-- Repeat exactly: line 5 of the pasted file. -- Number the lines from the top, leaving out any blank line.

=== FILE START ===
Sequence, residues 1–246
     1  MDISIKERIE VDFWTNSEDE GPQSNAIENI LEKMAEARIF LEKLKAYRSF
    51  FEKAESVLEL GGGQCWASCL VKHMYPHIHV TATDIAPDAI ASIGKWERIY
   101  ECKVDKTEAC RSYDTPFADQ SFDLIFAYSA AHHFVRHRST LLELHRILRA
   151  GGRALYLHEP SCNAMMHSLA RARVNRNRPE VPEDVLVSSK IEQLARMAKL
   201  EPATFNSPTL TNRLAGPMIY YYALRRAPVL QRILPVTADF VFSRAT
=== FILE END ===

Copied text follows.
   151  GGRALYLHEP SCNAMMHSLA RARVNRNRPE VPEDVLVSSK IEQLARMAKL